Suddenly it’s 5pm on day 4 and tomorrow she’ll be back at work. Some of these things were not really so necessary, and some, although useful, could be said to have been time wasting, in view of the goal, which was to really spend some serious time writing.


A diagram showing the level of stimulation of a synapse as its owner washes cat vomit off the doona cover.

Now, students, what happens to our TWDD sufferer when this occurs? How closely were you listening? That’s right – well done, up the back! Chronic Time Frustration kicks in, whereby she feels a huge sense of frustration that there is never enough time. She believes that she does not have enough time in her busy life to get even a blog post written, let alone the essay or story that she just knows she could write if she had time. She becomes grumpy and snaps at people, because the day is coming to an end, dinner needs to be made, and somewhere inside her there is a brilliant post that she wanted to write and hasn’t. Or an essay that she could have drafted, that might have eventually led to something being published. That might have eventually led to a change in career. That might have led to being able to write every day, and not just in contracts for clients. But she hasn’t achieved any of that because she wasted her time and didn’t write anything at all.

Of course, dear reader, the above is just a fictional example. As you can see, I am not the poor pathetic Time Waster that I used to illustrate my point, because I have managed to write a post, and it’s only…..oh crap, it’s 5.25pm and I need to make dinner. Excuse me.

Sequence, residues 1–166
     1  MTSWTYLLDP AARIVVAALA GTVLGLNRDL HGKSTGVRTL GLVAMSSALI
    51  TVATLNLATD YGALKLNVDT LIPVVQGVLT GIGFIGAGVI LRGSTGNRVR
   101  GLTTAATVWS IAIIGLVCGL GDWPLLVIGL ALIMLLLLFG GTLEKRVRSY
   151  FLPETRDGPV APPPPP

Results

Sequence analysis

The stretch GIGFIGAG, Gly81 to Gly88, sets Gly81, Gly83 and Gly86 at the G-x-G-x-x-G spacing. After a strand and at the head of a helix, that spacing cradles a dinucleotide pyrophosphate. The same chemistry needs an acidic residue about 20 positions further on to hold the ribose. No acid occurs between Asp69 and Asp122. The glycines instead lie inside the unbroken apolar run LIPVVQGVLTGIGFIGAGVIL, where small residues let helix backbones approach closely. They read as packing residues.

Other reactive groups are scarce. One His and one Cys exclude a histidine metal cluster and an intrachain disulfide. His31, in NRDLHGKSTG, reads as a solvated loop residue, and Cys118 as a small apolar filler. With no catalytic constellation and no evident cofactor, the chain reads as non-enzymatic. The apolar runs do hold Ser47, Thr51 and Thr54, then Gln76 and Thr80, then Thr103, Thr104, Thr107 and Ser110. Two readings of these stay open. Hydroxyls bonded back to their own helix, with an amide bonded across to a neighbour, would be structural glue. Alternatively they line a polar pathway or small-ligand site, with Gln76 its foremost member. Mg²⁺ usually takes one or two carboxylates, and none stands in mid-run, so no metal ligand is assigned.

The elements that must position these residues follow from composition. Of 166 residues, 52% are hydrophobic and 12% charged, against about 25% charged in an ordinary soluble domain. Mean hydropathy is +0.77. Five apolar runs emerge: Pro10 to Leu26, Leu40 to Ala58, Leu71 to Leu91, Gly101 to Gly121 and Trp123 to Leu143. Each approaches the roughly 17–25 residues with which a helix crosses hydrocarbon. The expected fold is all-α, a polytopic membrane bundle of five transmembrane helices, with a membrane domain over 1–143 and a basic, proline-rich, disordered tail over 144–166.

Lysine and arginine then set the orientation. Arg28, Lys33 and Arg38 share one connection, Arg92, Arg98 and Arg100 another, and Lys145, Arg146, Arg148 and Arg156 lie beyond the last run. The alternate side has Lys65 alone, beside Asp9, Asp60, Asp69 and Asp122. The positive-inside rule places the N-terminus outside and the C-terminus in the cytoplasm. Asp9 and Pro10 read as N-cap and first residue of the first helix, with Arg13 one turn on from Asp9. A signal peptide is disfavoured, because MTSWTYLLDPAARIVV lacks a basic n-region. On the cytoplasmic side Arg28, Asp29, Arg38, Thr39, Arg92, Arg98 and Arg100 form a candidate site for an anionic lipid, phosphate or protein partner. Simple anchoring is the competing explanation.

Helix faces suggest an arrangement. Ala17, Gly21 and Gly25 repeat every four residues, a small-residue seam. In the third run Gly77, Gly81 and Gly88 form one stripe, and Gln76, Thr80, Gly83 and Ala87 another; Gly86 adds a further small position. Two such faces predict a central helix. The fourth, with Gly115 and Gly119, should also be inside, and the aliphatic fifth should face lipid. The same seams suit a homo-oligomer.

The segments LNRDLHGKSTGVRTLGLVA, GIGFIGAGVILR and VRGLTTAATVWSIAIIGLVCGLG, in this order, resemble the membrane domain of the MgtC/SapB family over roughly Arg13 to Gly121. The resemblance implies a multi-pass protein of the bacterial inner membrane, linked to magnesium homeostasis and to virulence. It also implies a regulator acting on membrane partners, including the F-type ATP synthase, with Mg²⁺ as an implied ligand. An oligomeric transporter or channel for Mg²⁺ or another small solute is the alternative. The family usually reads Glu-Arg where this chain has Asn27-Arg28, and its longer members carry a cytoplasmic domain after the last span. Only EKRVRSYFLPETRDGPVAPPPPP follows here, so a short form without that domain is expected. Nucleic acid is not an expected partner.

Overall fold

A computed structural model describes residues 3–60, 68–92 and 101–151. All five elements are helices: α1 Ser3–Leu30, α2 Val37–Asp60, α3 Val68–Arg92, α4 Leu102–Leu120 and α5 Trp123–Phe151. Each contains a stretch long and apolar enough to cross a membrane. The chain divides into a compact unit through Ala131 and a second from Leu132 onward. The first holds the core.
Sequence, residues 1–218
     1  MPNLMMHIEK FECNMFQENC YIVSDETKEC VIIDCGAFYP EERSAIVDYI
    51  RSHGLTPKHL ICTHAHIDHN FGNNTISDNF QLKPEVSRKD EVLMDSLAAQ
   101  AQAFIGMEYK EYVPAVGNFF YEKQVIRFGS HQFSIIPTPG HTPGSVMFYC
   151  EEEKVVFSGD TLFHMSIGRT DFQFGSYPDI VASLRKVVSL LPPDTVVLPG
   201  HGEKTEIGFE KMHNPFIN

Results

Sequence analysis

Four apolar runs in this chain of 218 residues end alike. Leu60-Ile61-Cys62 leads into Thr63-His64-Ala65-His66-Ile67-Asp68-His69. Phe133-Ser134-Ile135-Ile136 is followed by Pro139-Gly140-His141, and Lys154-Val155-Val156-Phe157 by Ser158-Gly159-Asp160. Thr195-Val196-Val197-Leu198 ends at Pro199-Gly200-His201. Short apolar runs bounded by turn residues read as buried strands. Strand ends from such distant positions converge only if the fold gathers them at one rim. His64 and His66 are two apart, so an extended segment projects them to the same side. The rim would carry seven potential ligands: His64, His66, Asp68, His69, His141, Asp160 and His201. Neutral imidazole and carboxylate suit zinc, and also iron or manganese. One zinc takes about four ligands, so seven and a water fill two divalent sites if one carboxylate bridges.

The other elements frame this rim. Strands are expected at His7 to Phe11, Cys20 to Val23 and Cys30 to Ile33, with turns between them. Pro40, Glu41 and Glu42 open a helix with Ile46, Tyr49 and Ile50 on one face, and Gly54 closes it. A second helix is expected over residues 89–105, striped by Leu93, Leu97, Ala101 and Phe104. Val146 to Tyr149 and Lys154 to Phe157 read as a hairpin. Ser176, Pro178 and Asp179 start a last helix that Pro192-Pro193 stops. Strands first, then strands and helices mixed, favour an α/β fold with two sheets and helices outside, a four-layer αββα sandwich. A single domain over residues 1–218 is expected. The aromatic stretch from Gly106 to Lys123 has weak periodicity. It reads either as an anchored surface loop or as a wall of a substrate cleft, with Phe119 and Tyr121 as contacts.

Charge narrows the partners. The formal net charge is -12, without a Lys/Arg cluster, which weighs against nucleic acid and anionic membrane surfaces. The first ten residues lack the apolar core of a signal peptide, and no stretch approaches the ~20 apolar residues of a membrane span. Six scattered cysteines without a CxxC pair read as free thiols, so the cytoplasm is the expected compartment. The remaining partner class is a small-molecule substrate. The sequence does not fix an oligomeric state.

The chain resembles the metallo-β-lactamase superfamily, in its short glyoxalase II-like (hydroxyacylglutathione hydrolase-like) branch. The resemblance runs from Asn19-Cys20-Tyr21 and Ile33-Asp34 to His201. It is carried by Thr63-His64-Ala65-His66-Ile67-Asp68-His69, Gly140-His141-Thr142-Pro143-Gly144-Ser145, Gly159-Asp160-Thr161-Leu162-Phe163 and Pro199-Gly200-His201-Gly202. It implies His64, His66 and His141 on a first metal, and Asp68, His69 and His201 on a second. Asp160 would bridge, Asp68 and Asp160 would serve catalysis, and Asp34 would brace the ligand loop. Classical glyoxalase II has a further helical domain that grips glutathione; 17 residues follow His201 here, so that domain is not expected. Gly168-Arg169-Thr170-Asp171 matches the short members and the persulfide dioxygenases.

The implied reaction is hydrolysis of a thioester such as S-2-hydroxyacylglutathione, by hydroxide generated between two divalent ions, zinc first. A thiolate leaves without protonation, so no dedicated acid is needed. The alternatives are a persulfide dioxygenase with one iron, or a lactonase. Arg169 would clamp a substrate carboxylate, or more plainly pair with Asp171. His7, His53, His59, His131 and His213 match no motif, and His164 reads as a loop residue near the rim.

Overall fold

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  1. Ha, love it. Would be me to a T… if I weren’t so lazy.


    • Yes, all that moving at quantum speed and wave-like behaviour can be very tiring, I imagine.


    • Ooops, I just realised that you commented on a different post than the one most people are commenting on! Sorry, it’s a bit overwhelming and hard to take in the finer details when you’ve just been Freshly Pressed! That does make more sense with your comment now though 😉 Glad you liked my effort to write a post about almost not managing to write a post – intending-to-write-a-post-but-not-writing-a-post is a daily activity of mine!


  2. Just change writing by sewing, and then BAM! This is me…. We are all filled with good intentions… Lol!


  3. Uni students ‘procrastinate’ and my student days were probably the only time I used the word ‘procrastinate’ to describe my non productive activity. Children ‘play’, uni students
    ‘procrastinate’ and adults are ‘unmotivated’ or merely ‘lazy’.


  4. Oh so true. I have this exact disorder. I’m glad for someone who can turn it to laughs for all out benefit.


  5. I think this post is awesome! 🙂


    • Thanks! It’s great when you can get a post out of not writing anything, isn’t it? I see you’ve changed identities and blog names – good luck with the new version!


  1. Sitting at the end of the day, wasting time « It keeps me wondering | Tammy Rizzo's Blog